These were the aching question that took me by shock as I looked through Brian Sokol's photographic series on Refugees. Before we get started, just curb that sympathy shot, because these people need much more than bland sympathetic sighs and tears. These are people who continue to live half-lives, torn amidst political squabbles that concerns them not. That's the whole logic of Displacement - its a quagmire that affects people peripheral to the cause of conflict.
Brian Sokol is a New York-based photographer who closely works with the UN Refugee Agency and calls himself "a photographer dedicated to documenting human rights issues and humanitarian crisis in post-conflict societies". Be it the Days Japan and Smithsonian Magazine space and exhibits in USA, Japan, Korea and Nepal or the National Geographic Magazine's Eddie Adams grant, his intuitive works reflect the underbelly of a world rattled with conflict.
One of his master projects - "The Most Important Things" had me glued to the core. It is a photographic marvel that captures the dislocated refugees from Syria, Mali and Sudan in the makeshift camps that is the only known home they have as of now. As Sokol travelled to these camps personally, his lens captured the refugees holding onto the one most important thing of their past lives that they could not let go, even as they esacped their natal places at the height of conflict. Moreover, Brian's captures are rightly in hues of black and white. Well that's how their lives are.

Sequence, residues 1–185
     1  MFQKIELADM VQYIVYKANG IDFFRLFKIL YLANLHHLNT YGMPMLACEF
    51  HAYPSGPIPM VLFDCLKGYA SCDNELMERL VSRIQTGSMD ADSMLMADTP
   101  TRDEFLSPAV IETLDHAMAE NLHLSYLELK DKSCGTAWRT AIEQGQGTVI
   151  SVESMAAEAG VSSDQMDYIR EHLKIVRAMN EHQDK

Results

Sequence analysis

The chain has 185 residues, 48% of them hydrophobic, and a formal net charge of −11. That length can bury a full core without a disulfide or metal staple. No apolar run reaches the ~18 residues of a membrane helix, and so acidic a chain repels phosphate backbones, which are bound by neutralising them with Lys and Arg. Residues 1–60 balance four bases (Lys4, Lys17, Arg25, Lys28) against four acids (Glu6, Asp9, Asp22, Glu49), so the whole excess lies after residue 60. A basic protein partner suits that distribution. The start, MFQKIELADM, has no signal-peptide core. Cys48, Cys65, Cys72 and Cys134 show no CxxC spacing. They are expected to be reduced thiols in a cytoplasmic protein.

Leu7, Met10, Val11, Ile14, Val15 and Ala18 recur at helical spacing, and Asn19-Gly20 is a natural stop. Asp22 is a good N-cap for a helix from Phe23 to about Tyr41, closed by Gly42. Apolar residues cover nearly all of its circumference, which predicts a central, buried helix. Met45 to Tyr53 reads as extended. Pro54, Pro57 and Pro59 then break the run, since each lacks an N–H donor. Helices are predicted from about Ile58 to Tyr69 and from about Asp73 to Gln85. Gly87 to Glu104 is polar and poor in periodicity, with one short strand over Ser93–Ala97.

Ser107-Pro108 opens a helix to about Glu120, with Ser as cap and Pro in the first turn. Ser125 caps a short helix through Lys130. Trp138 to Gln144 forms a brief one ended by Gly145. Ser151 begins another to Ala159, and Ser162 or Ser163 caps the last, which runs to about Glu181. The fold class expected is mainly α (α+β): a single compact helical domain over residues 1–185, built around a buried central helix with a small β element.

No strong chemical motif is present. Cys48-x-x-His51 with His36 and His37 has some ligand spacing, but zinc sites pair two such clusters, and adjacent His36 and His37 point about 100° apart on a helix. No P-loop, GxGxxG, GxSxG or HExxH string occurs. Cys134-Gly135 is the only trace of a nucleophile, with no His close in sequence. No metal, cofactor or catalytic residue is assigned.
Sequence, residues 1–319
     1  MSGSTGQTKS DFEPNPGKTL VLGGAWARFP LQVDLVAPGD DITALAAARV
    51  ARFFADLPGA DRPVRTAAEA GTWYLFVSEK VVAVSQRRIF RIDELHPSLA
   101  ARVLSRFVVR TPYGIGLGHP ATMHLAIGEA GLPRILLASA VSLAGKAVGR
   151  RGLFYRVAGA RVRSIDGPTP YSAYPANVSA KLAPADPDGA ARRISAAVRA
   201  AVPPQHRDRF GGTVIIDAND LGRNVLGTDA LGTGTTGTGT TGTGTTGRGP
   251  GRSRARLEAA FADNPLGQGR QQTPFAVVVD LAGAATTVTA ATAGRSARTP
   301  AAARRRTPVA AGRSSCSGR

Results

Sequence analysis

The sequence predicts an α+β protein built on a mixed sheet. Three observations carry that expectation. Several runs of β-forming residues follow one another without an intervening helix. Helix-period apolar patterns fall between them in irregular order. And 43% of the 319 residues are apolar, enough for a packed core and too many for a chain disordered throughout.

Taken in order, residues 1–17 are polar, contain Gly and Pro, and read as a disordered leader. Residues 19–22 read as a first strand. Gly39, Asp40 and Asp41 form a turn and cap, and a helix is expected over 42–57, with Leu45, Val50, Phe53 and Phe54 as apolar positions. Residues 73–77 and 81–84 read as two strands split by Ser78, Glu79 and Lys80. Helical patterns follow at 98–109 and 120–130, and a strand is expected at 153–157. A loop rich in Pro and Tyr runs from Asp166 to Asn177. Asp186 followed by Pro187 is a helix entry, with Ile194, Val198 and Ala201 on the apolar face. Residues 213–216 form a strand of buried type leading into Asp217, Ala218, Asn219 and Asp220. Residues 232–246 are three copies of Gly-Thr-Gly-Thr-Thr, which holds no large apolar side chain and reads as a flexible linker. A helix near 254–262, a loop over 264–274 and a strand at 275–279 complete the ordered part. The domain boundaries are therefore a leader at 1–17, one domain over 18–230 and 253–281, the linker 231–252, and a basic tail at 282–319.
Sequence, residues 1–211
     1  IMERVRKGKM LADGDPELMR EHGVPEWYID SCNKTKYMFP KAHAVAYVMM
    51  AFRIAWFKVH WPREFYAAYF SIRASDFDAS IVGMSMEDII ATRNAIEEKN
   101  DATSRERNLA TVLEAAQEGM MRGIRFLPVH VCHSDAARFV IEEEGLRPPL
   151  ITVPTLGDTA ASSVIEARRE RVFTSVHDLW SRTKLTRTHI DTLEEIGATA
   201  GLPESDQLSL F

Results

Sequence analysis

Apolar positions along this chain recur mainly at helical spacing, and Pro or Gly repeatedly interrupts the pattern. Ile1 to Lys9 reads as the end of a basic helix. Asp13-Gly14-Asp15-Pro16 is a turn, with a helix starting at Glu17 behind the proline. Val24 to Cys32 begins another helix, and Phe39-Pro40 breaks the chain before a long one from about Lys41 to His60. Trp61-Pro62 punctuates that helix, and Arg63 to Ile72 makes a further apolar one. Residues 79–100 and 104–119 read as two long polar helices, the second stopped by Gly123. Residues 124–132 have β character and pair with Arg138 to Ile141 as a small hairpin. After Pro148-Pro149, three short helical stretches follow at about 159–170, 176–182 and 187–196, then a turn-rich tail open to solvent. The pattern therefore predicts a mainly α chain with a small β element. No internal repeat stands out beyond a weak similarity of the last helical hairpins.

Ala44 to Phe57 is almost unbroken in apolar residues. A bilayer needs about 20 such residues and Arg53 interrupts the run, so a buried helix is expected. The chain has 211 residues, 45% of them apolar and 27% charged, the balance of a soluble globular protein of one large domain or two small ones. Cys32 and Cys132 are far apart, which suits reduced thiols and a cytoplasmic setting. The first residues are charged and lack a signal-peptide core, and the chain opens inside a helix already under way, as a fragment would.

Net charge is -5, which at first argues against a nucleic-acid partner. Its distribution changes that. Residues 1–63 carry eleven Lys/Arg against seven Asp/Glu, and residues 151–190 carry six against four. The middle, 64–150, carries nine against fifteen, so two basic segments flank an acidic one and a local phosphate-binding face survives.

Brian alsoo works for select corporate institutions and charitable organisations, awakening the larger society to the other side of human lives. It's indeed touching!
We'll take you through some of his bestest clicks from this series.
Take a pause to value what you have, think of a cause and do the needful for those affected by the uncertainity uncertainty of Life.
For more intuitive art projects, stay tuned to E-junkie.